To date, LER values of 274lm/Wopt are among the best reported performances of phosphor-based white LEDs.1 This is partially because phosphors do not have the ability to tune different shades of white while simultaneously achieving high photometric performances. White LEDs integrated with quantum-dot nanophosphors have the necessary spectral purity to enable their white-light spectrum to be tuned. However, the complex relationship between the photometric figures-of-merit makes it difficult to achieve large values of CRI and LER together with low values of CCT. This requires spectral design and the optimization of the nanophosphor quantum-dots.

Of all the colors forming white light, red is the most critical for determining photometric performance.2 Figure 1 shows a white-light spectra generated using a quantum-dot-based LED, with the resulting set of photometric figures-of-merit in the inset. Our results indicate that it is possible to obtain high-quality, spectrally efficient white light by using quantum-dot nanophosphors.2


Figure 1. Spectrum generated using quantum-dot nanophosphors. The figures-of-merit CRI, LER, and CCT indicate the resulting photometric performance.2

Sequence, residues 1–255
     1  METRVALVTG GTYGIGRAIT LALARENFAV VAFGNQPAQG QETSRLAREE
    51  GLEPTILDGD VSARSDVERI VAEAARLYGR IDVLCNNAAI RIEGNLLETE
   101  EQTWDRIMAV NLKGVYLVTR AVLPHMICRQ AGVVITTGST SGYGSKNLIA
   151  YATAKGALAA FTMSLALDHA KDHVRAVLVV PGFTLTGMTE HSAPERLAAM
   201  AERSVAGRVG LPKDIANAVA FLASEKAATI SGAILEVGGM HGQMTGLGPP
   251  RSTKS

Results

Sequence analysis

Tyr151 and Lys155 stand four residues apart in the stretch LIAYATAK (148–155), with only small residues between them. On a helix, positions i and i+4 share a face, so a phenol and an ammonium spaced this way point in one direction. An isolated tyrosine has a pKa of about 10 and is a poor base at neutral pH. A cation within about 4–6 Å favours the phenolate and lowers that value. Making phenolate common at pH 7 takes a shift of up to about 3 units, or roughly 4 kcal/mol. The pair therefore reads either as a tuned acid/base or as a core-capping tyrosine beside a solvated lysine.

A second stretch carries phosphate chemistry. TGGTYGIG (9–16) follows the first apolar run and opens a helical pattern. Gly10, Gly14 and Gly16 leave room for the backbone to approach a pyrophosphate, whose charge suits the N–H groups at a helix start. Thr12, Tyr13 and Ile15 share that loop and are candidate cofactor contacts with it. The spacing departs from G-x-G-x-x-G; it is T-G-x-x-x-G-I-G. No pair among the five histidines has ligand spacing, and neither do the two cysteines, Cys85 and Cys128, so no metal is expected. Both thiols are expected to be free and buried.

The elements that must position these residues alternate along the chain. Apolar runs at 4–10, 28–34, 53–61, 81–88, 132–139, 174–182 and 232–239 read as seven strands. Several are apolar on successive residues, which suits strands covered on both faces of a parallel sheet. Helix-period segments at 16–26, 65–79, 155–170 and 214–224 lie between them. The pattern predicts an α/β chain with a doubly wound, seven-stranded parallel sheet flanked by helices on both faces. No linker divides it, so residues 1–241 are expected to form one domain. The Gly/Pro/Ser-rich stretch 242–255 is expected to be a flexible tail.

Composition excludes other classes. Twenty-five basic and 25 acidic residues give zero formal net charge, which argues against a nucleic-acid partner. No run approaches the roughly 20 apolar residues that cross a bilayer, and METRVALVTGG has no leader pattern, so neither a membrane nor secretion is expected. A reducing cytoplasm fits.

In previous works, we presented experimental demonstrations of spectrally efficient, high-quality white LEDs.3,4 For these proof-of-concept demonstrations, we integrated red and green quantum dots—made of an inner core of cadmium selenide (CdSe) and an outer shell of zinc sulfide (ZnS)—into blue LEDs made of layers of indium gallium nitride (InGaN) and gallium nitride (GaN). This combination gave us white LEDs with CRIs larger than 80, LERs larger than 300lm/Wopt, and CCTs smaller than 3250K.4 By including an extra quantum-dot that emits in a different color, we achieved a four-color mixture that has a superior photometric performance (see Figure 2).3 In Figure 2, point 12 has coordinates (x,y)=(0.425, 0.378) in the chromaticity diagram, a CCT value of 2982K, a LER of 357lm/Wopt, and a CRI equal to 89.2. To the best of our knowledge, this LED has the highest reported photometric performance, which demonstrates that narrow-emitter nanophosphors can exceed the photometric performance of the best reported phosphors.


Figure 2. Electroluminescence spectra of the first quantum-dot-based white LED. This device integrates green, yellow, and orange-emitting quantum-dots—made of an inner core of cadmium selenide (CdSe) and an outer shell of zinc sulfide (ZnS)—into blue LEDs made of layers of indium gallium nitride (InGaN) and gallium nitride (GaN). The plots show the collective emission and chromaticity properties for different current injection levels at room temperature. Left inset indicates different operating points in the chromaticity diagram, with the values inside the squares representing the current injection levels in mA. Each point has a CCT value, which is indicated in the z-axis coordinate. Right inset shows a quantum-dot-based LED generating white light.3